KANSAS CITY, Mo. — Jackson County residents saw assessment increases more than 70% higher than any other Missouri county in 2019 and failed to renew contracts in a timely manner, according to a state audit.
Thousands of Jackson County residents saw big hikes in the assessed property valuations in 2019, which prompted lawsuits and appeals.
Jess Buck and his next door neighbor Kenneth Herron both appealed their reassessments, which tripled for both men.
"It's something I want to forget," Herron said. "The way they did it was just ridiculous. It was just a jump all of the sudden."
Of the appeals that have been processed, “the assessed valuation of 13,000 parcels” decreased roughly $246 million, according to State Auditor Nicole Galloway’s office.
"After the reassessments in 2019, the great majority of property owners in Jackson County saw their assessed valuations go up — in some cases, significantly,” Galloway said in a statement. “We heard from many concerned taxpayers who were understandably alarmed by the sudden increase.”
Last January, nearly 4,000 appeals were discovered in an email account and had yet to be processed.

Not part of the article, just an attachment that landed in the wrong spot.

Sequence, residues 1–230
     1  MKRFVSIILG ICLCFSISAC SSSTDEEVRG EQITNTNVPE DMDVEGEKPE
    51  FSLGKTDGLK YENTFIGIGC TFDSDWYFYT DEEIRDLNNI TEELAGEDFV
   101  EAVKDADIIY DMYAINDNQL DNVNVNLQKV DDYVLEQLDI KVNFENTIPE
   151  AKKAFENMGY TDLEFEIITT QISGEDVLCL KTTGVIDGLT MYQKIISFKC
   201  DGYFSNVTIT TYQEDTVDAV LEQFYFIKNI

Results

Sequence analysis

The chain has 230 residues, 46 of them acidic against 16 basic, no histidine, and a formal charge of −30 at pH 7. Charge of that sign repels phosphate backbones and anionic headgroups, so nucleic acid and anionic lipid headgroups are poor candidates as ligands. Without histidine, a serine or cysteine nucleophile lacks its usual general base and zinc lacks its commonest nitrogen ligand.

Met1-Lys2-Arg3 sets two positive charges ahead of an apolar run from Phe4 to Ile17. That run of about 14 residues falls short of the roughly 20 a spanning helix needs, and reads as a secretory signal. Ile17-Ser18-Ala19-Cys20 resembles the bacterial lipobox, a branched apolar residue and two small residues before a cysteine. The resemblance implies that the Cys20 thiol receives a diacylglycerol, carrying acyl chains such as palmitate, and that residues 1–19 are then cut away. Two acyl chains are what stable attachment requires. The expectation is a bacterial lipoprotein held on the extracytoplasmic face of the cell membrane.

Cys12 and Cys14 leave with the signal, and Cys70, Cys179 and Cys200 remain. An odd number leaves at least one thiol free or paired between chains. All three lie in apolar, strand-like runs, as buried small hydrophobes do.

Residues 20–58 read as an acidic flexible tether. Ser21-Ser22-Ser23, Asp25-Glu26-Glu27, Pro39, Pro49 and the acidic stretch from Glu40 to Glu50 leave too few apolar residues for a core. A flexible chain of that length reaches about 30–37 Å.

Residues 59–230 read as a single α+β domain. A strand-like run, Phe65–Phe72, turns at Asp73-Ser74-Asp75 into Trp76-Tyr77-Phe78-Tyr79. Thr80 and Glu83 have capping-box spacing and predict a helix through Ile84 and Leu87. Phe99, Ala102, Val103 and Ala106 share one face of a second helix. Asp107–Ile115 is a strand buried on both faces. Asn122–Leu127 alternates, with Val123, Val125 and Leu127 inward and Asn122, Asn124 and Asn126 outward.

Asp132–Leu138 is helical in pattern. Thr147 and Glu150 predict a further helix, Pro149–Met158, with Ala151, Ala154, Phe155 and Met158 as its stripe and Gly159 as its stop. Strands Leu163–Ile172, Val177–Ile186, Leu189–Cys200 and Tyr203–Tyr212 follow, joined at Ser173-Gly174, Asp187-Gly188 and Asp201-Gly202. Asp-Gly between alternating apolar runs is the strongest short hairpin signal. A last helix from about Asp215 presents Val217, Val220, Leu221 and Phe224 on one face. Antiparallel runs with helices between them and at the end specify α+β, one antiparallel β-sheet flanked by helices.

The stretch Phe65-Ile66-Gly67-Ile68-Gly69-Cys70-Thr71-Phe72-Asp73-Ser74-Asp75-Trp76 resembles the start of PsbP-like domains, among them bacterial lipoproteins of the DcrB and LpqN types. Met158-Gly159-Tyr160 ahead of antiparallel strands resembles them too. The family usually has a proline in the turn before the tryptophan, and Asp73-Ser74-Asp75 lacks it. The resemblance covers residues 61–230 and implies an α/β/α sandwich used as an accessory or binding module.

Property assessment analysts said during an August 2019 meeting that missing information could have skewed the assessments, and the American Civil Liberties Union filed a lawsuit against the county that December.
“It is essential the county closely monitor the maintenance of assessment records and data, the implementation of the new computer-assisted appraisal system, the reassessment services for the biennial reassessments, and the training of staff to ensure effective and efficient future reassessments,” the Missouri state audit said. “Clear, detailed and timely written contracts are necessary to ensure all parties are aware of their duties and responsibilities, prevent misunderstandings, and ensure county money is used appropriately and effectively.”
The audit also found that reassessment consultant contracts had lapsed, but the county still issued invoices during that period.
It also recommended that the county legislature and county executive “establish procedures to ensure board and commission lists and websites are complete, accurate and updated,” as well as filling vacancies and expired terms in a timely manner.
Jackson County Executive Frank White Jr. said in a letter to Galloway and the auditor’s office that county administration is “committed” to working with the legislature throughout the reassessment process.
"As somebody who didn’t fight as much last time, maybe since it’s high, maybe they won’t increase it as much or won’t increase it at all this time," Buck said.